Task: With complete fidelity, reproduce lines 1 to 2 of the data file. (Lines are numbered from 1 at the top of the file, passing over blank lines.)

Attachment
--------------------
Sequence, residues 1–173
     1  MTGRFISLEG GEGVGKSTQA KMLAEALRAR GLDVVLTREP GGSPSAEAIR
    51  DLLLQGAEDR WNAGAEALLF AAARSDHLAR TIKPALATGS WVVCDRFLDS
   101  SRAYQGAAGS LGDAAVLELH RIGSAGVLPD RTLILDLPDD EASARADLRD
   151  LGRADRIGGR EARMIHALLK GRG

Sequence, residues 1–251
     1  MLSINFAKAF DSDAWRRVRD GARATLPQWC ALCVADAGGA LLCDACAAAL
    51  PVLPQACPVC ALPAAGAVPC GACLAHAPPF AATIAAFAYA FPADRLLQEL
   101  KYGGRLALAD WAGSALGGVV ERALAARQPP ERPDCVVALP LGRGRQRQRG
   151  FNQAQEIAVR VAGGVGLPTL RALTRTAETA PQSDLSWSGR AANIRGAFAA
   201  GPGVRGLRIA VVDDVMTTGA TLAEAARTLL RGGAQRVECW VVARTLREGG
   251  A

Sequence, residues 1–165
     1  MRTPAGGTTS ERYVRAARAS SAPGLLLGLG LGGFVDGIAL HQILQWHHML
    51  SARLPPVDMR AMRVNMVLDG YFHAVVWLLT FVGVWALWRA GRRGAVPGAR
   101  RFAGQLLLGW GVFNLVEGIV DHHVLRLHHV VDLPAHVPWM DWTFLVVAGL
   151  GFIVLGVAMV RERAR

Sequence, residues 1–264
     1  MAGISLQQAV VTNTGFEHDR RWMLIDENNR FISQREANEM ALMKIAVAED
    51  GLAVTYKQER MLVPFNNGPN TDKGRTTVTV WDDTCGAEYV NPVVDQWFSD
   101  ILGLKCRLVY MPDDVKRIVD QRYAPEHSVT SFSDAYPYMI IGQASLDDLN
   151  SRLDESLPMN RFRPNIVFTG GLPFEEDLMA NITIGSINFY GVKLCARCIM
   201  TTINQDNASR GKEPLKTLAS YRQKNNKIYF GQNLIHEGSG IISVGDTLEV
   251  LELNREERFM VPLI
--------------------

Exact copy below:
Sequence, residues 1–173
     1  MTGRFISLEG GEGVGKSTQA KMLAEALRAR GLDVVLTREP GGSPSAEAIR